Frank Rapant: After the Fire, Abby Golodik: A Precarious Balance
June 24 - August 8, 2019 with an opening reception on Friday, July 12, 5 - 8, at the Crowell and West Galleries, Feigenbaum Center for Visual Arts, Union College, Schenectady, NY
This event and exhibition is free and open to the public Monday through Saturday, 8am - 7pm.
Call (518) 388-6714 for more information.
This body of work consists of steel sculptures with wood and stone elements, varying from enclosed planes to open bar structures. There is a progression from balanced pieces, to pieces with visual movement. I experimented with surface treatment and finishing techniques to contrast the clean look in earlier pieces. The new works were built on impulse, which allowed me to unlock spontaneous designs that play with shadow and light. The pieces are constructed at angles that would tip over without the perfect support to capture their last moment of stability. Each piece reaches an equilibrium when assembled, precariously balanced on sharp edges. I have pushed working with simple geometric forms that grow organically, like crystalline structures. These sculptures continue to evolve into new progressions and I am curious to see where this body of work will take me next.
Abby Golodik is a recent alumna of Union College where she majored in Studio Arts and concentrated in Sculpture. In 2018 Abby was awarded the Charles Alexander Richmond Prize in Fine Arts and graduated Cum Laude with a Bachelor of Arts Degree. She is the current Studio Art Technician at Union College and resides in Schenectady.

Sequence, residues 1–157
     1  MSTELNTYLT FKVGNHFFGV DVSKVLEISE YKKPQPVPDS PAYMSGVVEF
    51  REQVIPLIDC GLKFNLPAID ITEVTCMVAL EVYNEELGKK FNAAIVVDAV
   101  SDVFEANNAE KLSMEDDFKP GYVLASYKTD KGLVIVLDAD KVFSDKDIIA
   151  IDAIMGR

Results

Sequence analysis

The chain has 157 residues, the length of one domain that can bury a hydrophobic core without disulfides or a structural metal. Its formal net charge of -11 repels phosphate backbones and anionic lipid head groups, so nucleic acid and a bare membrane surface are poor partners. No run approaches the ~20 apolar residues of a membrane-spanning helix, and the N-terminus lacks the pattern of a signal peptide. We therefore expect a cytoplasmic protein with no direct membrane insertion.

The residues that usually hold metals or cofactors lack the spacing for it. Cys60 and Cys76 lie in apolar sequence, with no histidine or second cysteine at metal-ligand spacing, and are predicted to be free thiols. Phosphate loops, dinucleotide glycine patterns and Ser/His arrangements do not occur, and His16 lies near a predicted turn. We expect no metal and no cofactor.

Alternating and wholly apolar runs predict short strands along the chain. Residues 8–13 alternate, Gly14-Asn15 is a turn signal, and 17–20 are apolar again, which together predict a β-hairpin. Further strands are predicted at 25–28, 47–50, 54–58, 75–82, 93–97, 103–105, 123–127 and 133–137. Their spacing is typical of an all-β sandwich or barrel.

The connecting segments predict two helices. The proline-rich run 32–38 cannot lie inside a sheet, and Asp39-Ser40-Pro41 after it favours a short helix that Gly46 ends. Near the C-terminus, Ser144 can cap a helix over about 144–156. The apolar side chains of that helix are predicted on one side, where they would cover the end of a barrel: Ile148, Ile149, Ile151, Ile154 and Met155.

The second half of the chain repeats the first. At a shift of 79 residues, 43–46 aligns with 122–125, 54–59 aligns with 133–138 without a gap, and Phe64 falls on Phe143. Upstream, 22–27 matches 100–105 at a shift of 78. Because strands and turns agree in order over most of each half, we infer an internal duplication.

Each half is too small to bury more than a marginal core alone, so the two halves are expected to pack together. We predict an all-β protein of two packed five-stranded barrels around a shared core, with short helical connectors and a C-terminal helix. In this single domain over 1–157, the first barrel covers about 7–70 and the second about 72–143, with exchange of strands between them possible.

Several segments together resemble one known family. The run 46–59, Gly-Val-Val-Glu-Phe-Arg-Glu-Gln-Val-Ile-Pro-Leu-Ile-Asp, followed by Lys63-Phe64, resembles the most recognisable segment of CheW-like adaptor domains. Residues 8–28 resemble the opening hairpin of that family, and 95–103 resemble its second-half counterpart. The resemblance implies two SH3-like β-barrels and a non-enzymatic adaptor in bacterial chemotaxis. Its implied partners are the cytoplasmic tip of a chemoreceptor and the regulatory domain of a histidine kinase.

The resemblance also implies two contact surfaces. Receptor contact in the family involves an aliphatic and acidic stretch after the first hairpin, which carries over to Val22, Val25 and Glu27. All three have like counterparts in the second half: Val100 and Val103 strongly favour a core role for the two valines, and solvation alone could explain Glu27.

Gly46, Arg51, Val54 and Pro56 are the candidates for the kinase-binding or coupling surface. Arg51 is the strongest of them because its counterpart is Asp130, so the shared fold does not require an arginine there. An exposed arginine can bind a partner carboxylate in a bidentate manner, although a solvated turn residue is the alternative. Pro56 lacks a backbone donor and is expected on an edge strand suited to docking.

On January 30, 2014, I left home for a normal workday. Within a couple hours I began receiving phone calls from my neighbors. Steve, a Town of Schodack Police Officer was the first to call, he left a message of, “Frank, please call me, it’s important.” Vinny, on the other side of me left a message of, “Frank call me back, there is a lot of smoke coming from your house.” Mark called and said, “Hey man, I don’t know what’s happening with your house. There’s a lot of smoke and fire trucks. Your dog is out in the yard.” He didn’t say the dog was dead. We ended up losing almost everything we owned. Our dog and cat were locked in the house, and perished due to smoke inhalation. It was a faulty breaker that started the electrical fire. We are very fortunate that it didn’t happen at three in the morning. After a year of high stress and very many tears my wife and three daughters have settled down in a new home, with new pets. My marriage survived, but my children still wake up crying in the night.
These images are not meant to be sensational. This is my life, and it was a horrible thing to go through. Photography is a tool I use to relate to the world; how I come to terms with things horrible, beautiful, or wonderful. When tragedy struck my life my first response was to try to make art out of it. Some of these images are autobiographical, some are documentarian, and some are abstract expressionism. They all speak to the sense of optimism within the loss and tragedy my family has experienced.
Frank Rapant has a BA from Union College. He continues to live with his family in a new location in Castleton, NY. He regularly exhibits work in the Capital District and beyond.